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Trail Talk 306 - April 3, 2024


            In May 2021, I started keeping track of the different bird species I identified in Ontario – nearly all within Huron County. In June 2023, I had recorded 80 species, then recently added three more.  These were not especially rare species, but I had not been able to make a positive identification until now.  They are ring-necked ducks at the Hullett Pond by Front Road on March 17th, a red-breasted merganser at the Bayfield Marina while on the BRVTA beach walk on March 23rd, and a dead Eastern Screech Owl on our trail on March 23rd.

Along with about 45 others, I listened to Larry Cornelis’ presentation on “The Story of Our Local Landscapes”. I was lucky enough to win the door prize, his book” Trees Forests and Nature in Southwestern Ontario”. This is packed with good information such as the importance of planting native plants, especially trees. A study of chickadees foraging to feed their young discovered that they only visited native plants as this is where they are most likely to find insects.  He also recommended if you plant one tree it should be a native oak - Carolinian oaks are Swamp White Oak, Chinquapin Oak, Hills Oak(R), Pin Oak (R), Black Oak and Dwarf Chinquapin Oak (R).  R means rare to uncommon.  Red Oak, White Oak, and Burr Oak are found here but also grow outside the Carolinian area.



On March 23rd, thirteen of us had a windy walk along the beach just North of Bayfield. Fortunately, the wind was behind us, and we found very little garbage to pick up (the biggest was a snorkel and some wood).  The juvenile red breasted merganser was the lone duck at the marina.


            On March 26th as I was driving along Wildlife Line, I saw a pair of Tundra swans in the pond formed by the recent rain in the field. The Lampton Museum last reported swan sightings on March 16th, so it would seem that this pair were stragglers!


            As I write this on March 27th, I think we might be looking at the last snow of this spring, except for possibly some around April Fool’s Day. There were some interesting tracks in the snow, one was probably by a beaver. 



            Saturday April 6th 7pm BRVTA in conjunction with Huron Hospice host a candlelit memorial walk on the Taylor Trail.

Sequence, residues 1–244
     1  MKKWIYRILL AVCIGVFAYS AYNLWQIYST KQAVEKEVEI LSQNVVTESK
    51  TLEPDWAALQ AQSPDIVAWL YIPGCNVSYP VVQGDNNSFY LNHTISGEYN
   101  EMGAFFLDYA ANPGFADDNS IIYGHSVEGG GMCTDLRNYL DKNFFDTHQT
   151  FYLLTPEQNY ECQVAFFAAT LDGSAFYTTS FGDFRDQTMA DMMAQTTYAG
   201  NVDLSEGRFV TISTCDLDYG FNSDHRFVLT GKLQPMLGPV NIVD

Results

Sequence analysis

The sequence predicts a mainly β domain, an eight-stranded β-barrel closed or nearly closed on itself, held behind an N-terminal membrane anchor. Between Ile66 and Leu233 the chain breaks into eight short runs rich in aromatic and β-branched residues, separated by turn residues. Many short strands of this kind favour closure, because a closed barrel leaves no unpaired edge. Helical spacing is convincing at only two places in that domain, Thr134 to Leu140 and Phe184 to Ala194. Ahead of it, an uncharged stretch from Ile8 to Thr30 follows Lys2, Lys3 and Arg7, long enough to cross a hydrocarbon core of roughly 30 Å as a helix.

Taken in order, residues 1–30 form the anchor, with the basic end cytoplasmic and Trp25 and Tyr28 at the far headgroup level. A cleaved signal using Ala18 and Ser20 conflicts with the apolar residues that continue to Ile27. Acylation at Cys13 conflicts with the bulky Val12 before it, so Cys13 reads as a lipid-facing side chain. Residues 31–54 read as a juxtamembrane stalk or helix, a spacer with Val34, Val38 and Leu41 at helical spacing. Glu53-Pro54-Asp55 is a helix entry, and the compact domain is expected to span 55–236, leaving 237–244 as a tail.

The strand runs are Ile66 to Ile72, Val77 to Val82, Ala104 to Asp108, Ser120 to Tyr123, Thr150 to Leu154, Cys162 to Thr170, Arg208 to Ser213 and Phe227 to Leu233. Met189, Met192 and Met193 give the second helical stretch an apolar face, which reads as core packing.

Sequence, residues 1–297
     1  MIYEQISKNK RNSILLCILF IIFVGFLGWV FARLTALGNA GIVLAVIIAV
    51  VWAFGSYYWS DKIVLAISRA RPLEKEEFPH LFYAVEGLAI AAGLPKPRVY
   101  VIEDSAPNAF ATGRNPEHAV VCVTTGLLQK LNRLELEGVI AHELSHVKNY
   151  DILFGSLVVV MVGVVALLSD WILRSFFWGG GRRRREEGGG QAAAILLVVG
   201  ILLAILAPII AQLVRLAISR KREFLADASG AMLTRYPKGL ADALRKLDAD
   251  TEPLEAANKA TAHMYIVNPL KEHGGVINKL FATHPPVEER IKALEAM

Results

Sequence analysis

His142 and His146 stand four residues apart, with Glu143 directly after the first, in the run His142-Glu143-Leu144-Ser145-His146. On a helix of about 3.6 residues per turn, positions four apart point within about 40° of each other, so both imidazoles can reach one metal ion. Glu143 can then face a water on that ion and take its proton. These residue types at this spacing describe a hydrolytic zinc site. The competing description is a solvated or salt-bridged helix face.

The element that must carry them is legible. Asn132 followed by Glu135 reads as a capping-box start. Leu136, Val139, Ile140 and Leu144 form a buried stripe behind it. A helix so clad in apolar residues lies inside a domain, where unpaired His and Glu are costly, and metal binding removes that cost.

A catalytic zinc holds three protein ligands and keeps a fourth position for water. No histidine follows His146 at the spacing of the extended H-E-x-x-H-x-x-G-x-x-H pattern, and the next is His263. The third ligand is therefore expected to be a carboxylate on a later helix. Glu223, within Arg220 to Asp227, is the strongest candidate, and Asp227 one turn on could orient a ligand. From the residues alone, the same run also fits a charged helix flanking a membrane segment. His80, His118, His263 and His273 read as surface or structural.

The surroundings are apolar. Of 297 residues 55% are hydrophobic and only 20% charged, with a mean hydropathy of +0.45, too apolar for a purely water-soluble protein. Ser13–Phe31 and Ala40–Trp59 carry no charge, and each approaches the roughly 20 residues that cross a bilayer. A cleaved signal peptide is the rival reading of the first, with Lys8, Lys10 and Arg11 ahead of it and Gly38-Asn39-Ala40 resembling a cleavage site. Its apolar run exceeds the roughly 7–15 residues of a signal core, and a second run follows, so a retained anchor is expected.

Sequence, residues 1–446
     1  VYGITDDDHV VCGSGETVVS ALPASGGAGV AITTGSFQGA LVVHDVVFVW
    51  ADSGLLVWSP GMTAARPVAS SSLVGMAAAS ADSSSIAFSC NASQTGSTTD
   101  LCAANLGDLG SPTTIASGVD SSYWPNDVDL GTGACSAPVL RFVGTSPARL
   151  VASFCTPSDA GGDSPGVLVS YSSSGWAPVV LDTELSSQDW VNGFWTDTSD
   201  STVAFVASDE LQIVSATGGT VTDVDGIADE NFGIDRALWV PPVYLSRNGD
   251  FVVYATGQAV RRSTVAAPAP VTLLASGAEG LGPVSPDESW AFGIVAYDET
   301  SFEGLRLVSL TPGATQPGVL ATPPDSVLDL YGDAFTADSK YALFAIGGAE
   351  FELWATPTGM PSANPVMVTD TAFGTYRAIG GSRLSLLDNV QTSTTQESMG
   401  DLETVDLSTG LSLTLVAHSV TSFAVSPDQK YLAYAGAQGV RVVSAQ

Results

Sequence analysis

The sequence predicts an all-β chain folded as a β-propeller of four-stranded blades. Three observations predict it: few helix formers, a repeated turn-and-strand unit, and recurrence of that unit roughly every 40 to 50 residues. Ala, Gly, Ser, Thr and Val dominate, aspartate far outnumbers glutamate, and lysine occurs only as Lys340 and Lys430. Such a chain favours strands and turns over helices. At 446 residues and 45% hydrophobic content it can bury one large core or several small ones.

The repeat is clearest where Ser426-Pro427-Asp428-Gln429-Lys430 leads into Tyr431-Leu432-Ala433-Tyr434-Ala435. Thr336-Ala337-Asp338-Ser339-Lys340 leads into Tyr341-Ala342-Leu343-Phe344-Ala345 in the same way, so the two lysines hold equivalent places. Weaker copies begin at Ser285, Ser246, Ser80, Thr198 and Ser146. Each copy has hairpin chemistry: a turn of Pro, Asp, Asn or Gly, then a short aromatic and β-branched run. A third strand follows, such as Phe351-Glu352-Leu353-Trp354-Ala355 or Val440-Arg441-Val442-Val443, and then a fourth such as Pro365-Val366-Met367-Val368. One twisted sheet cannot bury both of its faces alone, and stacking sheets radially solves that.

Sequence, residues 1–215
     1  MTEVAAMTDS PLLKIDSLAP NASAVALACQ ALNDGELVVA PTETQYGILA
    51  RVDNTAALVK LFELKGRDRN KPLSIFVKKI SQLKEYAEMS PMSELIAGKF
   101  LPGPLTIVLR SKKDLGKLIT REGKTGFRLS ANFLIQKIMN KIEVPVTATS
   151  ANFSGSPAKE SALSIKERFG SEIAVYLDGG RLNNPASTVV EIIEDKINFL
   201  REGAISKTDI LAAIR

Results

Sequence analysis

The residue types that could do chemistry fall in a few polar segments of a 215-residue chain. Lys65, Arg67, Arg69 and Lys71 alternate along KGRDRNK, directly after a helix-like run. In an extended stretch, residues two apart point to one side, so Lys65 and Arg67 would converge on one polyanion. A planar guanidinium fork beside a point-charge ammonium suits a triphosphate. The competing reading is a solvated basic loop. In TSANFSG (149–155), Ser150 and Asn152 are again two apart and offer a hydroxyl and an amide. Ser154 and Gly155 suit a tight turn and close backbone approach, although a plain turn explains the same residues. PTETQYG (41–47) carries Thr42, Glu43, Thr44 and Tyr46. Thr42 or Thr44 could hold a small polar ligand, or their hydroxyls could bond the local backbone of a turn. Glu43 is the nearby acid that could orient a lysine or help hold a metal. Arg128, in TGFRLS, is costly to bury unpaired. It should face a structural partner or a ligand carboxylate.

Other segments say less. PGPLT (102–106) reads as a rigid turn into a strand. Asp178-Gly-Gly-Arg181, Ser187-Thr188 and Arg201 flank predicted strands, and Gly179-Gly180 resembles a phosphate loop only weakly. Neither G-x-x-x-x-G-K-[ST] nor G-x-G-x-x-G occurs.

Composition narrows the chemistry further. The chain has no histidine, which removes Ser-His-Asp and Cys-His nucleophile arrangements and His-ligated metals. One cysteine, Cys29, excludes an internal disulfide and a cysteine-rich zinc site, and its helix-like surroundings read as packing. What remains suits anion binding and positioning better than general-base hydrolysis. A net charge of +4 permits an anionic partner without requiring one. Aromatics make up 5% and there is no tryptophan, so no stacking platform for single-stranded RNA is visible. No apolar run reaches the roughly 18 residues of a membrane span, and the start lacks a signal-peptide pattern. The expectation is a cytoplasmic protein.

Saturday April 13th 10 am join Tanya MacIntyre for a hike on the Millennium trail. This is a meditative hike for approximately 1.5 hours – meet at the church on Mill Road in Goderich and carpool to Nelson Road. For more information and to confirm your attendance, please contact Tanya MacIntyre at redroofrecovery@gmail. com. This is a Level 2, leisure pace walk.


            Saturday April 20th 9 am join Anne Melady for a hike on private property at 7277 Highway 8 just East of St Columban.  Walk through this delightful property of farm fields, across the railway tracks and back to the bush and a cabin. The walk takes you along the Bayfield River and up through the bush of old growth and recently planted bush. There will be a trip to the Dublin Restaurant after the hike. For more information and to confirm your attendance, please contact Anne Melady at This is a Level 1, leisure pace, 1.5 - 2 hours.


            Saturday April 20th 1 pm join the BRVTA hike on their Bayfield Woodland Trail


            Saturday April 20th for those in top shape join the World Wildlife Fund for a fund raiser climb of the 1776 steps up the CN Tower!


 All participants taking part in the Maitland Trail events should sign the waiver for 2024, preferably the online version.


            Tuesday Trompers meet at 9 a.m. on Tuesday to hike for about an hour. If you wish to be on this email list, send an email to


            Midweek Hikers hike for 1 ½ to 2 hours on Wednesdays or Thursdays, contact Patrick Capper.


Both groups meet at 9 a.m. and are open to non-members provided they sign the MTA On-line waiver.


If you have questions or something of interest for Trail Talk email me Patrick Capper at



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